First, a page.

Redbacks threaten Cromwell beetle
Bryan S A, Van Heezik Y, Vink C J, Seddon P J, Phillips C B, Barratt B I P. 2015. Invasive redback spiders (Latrodectus hasseltii) threaten an endangered, endemic New Zealand beetle (Prodontria lewisii). Journal of Insect Conservation 19: 1021–1027.
Redback spiders are threatening the endangered Cromwell bettle
Australian redback spiders (Latrodectus hasseltii) preying on the endemic, nationally endangered Cromwell chafer beetle (Prodontria lewisii), which is only found an 81 hectare reserve near Cromwell. Surveys estimate that there are up to 371 redback spiders in the reserve and 278 Cromwell chafer beetles have been captured and eaten by this introduced spider. Other prey caught by redback in the reserve include a McCann’s skink (Oligosoma maccanni).
Australian redback spiders (Latrodectus hasseltii Thorell, 1870) are invasive, opportunistic predators that threaten New Zealand fauna. Initially recorded in Central Otago in 1981, they were observed in 2012 preying on the endemic, nationally endangered Cromwell chafer beetle (Prodontria lewisii Broun, 1904) in the species’ last occupied habitat, the 81 ha Cromwell Chafer Beetle Nature Reserve (CCBNR). We surveyed the redback spider population over the entire reserve in October (spring) and December (summer) 2013, recording web occupants, web condition, and prey caught. During the 5 weeks between surveys, prey caught in half of the recorded spider webs were monitored each week.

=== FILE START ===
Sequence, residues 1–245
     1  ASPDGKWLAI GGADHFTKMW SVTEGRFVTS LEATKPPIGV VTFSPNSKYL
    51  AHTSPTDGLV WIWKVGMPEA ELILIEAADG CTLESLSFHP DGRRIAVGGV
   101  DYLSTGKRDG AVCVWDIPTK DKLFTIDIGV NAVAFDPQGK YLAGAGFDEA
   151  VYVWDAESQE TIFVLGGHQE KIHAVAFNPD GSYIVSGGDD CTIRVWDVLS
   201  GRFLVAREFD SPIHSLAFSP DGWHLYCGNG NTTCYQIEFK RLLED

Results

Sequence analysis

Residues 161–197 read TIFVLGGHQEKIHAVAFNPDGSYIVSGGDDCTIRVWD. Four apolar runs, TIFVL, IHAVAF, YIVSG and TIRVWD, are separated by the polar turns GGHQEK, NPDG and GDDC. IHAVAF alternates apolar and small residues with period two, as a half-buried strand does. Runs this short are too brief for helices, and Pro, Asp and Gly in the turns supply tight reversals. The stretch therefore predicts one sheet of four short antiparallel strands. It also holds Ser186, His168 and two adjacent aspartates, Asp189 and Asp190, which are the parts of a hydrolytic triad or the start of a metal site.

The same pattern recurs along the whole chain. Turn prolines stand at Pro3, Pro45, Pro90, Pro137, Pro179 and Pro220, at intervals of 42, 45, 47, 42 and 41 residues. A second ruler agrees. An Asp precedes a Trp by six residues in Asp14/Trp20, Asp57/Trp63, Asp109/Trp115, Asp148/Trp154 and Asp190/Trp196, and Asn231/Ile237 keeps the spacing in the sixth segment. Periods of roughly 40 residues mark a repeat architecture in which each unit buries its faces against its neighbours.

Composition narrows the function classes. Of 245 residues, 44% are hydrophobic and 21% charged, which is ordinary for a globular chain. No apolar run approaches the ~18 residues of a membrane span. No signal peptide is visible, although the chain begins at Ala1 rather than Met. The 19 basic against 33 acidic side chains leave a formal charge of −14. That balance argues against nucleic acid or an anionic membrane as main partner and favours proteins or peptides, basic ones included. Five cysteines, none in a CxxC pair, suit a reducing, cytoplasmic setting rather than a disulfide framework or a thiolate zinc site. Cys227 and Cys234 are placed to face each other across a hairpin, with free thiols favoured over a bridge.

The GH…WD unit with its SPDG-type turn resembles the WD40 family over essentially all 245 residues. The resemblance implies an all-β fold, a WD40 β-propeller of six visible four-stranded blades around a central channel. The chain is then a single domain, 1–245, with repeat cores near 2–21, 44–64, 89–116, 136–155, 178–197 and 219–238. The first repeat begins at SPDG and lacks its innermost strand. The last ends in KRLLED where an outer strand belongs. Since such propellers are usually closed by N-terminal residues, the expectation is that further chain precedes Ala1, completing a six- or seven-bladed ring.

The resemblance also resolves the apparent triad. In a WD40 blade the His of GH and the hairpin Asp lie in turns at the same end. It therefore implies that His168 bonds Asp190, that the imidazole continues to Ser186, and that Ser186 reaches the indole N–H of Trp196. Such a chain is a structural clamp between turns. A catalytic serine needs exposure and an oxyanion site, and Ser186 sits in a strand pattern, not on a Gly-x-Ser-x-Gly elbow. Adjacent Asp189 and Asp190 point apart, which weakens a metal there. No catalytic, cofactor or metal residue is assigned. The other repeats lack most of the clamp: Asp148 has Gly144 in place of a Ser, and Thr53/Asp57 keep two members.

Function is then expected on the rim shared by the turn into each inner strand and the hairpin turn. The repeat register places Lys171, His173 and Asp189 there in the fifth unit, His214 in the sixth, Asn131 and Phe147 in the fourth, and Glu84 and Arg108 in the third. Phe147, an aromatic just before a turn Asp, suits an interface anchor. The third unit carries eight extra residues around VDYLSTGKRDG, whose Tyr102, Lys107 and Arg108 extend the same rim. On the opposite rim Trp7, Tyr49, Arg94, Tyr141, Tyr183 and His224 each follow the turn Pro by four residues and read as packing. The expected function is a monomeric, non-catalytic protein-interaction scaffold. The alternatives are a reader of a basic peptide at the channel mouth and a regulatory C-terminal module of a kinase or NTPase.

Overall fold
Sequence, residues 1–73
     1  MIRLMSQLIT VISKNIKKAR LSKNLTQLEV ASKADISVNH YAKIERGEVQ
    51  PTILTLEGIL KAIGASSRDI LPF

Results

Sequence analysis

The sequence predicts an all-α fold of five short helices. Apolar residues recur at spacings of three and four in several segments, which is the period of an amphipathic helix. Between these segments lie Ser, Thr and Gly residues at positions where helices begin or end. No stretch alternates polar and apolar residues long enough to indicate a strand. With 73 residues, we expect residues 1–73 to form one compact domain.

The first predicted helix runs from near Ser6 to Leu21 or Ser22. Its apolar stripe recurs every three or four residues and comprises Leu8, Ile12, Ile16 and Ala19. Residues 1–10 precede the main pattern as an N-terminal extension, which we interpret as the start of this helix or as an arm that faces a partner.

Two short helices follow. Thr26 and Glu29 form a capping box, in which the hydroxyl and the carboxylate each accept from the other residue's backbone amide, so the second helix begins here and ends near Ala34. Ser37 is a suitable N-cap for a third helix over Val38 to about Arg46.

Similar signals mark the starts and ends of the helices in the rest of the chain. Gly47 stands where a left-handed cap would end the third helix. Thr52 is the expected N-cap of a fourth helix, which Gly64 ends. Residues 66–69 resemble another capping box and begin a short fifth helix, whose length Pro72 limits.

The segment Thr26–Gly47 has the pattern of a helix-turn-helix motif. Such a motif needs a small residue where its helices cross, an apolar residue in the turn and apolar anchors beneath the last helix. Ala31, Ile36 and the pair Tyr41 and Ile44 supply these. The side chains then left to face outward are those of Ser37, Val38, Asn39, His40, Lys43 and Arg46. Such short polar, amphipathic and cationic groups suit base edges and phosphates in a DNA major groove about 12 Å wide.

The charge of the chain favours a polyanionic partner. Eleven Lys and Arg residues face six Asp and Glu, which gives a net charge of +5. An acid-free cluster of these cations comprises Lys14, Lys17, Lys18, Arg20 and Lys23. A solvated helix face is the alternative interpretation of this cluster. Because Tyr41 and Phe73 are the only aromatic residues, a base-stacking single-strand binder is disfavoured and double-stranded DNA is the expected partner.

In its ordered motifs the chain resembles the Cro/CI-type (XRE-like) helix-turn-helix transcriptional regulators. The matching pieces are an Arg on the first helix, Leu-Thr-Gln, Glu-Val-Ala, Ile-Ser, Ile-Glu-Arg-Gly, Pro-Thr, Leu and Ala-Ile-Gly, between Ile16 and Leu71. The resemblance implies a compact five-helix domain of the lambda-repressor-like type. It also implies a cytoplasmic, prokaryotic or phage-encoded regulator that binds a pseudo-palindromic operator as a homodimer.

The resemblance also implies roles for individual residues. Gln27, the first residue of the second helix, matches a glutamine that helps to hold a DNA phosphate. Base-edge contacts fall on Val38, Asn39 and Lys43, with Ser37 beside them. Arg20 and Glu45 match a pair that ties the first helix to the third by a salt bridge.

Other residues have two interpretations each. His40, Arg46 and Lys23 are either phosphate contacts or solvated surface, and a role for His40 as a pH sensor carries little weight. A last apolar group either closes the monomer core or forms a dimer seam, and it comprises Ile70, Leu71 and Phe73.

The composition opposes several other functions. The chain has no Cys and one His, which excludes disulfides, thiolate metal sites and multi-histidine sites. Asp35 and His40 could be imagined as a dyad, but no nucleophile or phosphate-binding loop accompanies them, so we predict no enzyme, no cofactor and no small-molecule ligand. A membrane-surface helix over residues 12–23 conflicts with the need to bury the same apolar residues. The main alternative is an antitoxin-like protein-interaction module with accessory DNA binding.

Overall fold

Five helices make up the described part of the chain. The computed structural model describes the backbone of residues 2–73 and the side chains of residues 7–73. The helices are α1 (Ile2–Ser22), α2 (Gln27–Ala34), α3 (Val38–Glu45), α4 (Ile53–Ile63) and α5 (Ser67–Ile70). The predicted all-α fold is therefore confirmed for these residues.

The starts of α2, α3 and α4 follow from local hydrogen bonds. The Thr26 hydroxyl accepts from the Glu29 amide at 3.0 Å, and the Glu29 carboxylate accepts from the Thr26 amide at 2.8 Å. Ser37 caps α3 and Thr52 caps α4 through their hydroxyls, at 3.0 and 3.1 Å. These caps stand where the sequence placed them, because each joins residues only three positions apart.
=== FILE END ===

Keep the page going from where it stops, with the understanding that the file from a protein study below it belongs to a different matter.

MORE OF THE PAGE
We estimated a redback population of between 208 and 371 spiders, an average of between 2.57 and 4.58 spiders per hectare within the CCBNR, with maximum web densities ranging between 8.7 and 10.7 webs per hectare. In the final survey in December, 278 P. lewisii cadavers were found in redback spider webs. Redback spiders occupied a large portion of the habitat to which the Cromwell chafer beetles are restricted. Ten of the 26 prey species recorded in webs were native, including McCann’s skink (Oligosoma maccanni); the first record of skink predation by redback spiders in New Zealand.
See the paper here.
Image Credit: Bryce McQuillan